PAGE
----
In 1969 Department of Defense started experiment to link computer systems together. This was called ARPAnet.
In early 1980’s ARPAnet grew into early internet – mostly universities and research sites funded by the National Science Foundation and the Dept of Defense
By 1990, Internet became commercialized and available worldwide
Connecting to the Internet
Phone Line Connection
Internet Service Providers such as AOL
Speed is relatively slow
Monopolizes telephone line
Cost is low
Internet Service Providers include Time Warner, Verizon
Speed is fast
Telephone calls can be received when online
Cost is more than phone line
You've probably seen news or advertising about cell phones and PDA’s that let you receive and send e-mail.
This seems a logical next step, it uses technology called
Wireless Application Protocol ( WAP )
WiFi - Hotspots
If you've been in an airport, coffee shop, library or hotel recently, chances are you've been right in the middle of a wireless network. Many people also use wireless networking, also called WiFi or 802.11 networking, to connect their computers at home, and some cities are trying to use the technology to provide free or low-cost Internet access to residents.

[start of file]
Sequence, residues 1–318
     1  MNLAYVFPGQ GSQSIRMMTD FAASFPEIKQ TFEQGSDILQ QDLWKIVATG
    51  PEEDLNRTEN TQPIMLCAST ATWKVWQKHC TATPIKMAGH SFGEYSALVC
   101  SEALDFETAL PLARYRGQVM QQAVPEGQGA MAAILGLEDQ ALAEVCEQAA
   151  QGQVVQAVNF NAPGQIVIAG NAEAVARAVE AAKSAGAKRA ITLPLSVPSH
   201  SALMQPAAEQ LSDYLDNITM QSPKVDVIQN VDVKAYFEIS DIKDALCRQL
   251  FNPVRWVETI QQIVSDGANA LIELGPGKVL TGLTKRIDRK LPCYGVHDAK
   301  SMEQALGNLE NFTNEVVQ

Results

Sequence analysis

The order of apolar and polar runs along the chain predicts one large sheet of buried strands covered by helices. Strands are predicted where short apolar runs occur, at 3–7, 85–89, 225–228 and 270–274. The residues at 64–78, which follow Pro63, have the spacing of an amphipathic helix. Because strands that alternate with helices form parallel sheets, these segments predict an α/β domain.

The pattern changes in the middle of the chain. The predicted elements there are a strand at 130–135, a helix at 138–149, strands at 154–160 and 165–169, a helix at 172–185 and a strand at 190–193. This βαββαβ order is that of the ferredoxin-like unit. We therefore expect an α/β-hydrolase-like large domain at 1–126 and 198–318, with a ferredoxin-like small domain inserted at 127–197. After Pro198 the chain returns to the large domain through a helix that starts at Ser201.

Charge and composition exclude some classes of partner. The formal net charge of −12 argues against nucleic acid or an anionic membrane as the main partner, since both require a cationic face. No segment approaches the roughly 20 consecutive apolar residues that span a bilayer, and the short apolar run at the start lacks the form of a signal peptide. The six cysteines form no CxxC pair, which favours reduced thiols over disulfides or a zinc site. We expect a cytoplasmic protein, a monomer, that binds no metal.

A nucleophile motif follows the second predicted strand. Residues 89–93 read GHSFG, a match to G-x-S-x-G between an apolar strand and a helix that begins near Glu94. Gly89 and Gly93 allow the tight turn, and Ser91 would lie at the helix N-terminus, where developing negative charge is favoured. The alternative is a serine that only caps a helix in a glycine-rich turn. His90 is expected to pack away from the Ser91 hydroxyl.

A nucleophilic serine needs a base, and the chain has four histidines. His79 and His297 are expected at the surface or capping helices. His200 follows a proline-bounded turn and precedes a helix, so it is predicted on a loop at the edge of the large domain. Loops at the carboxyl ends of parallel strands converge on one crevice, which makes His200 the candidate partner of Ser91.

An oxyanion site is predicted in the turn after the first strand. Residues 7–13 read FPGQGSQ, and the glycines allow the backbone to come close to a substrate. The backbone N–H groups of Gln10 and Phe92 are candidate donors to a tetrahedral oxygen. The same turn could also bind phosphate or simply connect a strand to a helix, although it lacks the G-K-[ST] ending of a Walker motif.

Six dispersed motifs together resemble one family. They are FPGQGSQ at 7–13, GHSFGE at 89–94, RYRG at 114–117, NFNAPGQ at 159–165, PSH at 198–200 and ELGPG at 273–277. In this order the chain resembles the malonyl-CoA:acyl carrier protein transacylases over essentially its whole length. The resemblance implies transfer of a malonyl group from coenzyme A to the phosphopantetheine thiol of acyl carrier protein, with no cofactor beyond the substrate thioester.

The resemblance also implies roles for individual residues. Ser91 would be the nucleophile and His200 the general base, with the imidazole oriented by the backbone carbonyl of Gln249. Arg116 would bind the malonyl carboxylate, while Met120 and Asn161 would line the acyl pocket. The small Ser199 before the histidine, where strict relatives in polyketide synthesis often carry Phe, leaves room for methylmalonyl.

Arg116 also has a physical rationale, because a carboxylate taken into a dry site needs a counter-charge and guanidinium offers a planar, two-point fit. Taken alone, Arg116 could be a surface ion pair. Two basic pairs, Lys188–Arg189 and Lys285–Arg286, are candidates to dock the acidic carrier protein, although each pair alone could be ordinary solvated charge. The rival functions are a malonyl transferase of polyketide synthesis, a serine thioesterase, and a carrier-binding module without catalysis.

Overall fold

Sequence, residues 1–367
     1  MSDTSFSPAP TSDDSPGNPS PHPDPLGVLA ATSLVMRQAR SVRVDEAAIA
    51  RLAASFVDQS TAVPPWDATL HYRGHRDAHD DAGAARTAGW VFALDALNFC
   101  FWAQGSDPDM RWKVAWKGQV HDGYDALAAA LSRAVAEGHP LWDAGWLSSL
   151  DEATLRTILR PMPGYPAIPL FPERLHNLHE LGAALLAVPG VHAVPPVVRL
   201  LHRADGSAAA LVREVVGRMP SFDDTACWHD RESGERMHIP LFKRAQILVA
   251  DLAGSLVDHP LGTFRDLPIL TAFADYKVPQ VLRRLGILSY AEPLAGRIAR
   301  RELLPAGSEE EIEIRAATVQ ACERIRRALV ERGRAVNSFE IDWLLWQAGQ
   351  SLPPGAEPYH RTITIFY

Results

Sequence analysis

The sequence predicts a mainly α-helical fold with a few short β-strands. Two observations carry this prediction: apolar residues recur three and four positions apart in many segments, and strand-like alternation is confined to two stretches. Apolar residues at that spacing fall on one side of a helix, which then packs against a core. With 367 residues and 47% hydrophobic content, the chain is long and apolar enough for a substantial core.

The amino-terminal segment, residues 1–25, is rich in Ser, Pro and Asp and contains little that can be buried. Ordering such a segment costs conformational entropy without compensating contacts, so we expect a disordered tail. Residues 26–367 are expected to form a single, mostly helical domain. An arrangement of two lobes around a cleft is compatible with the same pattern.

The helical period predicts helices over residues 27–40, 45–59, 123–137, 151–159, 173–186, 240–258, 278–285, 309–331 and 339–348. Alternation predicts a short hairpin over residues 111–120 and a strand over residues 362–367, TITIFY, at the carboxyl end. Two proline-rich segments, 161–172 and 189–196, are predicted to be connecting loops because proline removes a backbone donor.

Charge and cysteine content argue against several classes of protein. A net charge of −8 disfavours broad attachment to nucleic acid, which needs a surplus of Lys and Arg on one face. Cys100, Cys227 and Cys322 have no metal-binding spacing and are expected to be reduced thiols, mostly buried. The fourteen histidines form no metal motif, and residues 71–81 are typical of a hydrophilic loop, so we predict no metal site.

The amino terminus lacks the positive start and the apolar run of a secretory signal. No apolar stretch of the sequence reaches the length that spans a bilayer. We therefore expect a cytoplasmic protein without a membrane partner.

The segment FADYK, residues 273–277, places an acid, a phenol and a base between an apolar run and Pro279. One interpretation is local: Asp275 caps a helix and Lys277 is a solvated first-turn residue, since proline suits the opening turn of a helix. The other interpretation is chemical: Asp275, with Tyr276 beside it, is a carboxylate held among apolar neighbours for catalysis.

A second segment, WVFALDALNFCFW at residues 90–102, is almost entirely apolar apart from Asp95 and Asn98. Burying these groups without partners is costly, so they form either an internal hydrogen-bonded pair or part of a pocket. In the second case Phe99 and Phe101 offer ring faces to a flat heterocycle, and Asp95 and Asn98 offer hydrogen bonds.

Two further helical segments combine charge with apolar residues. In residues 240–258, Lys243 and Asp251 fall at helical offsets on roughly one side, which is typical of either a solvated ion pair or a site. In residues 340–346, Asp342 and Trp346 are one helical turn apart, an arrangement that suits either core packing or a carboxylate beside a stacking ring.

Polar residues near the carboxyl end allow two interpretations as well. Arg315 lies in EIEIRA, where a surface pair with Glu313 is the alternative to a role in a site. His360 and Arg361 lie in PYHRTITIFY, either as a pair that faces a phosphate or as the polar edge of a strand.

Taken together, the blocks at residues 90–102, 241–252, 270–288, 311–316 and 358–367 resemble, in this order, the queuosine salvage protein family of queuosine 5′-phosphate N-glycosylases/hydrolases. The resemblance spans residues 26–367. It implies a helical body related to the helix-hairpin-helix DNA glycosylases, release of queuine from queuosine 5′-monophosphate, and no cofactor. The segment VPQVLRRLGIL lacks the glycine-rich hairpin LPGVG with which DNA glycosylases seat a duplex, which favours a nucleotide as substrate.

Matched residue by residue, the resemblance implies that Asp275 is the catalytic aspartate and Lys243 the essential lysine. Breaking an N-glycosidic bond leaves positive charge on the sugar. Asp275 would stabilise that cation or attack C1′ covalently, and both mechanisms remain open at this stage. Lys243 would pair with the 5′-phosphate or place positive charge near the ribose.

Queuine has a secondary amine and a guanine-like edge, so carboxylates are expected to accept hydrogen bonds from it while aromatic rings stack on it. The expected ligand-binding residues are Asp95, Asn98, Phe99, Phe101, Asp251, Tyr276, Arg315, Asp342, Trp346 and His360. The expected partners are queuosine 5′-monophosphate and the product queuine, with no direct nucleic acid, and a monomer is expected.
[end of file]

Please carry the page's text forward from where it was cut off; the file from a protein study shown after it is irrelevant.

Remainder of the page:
In the near future, wireless networking may become so widespread that you can access the Internet just about anywhere at any time, without using wires.
Browser allows user to find, view, hear and interact with material on the Internet
Microsoft Internet Explorer
URL - address of the web site
Saving a home page (see handout)
How to Find Information
Entering a web address or URL
Takes you directly to a web site
Organize the Internet by subject
Information on a variety of topics
Tool to locate information
Uses keywords to search
Google is popular search engine but there are many others
Validity and Security of Information
Just because you find something on the Internet, it doesn’t make it true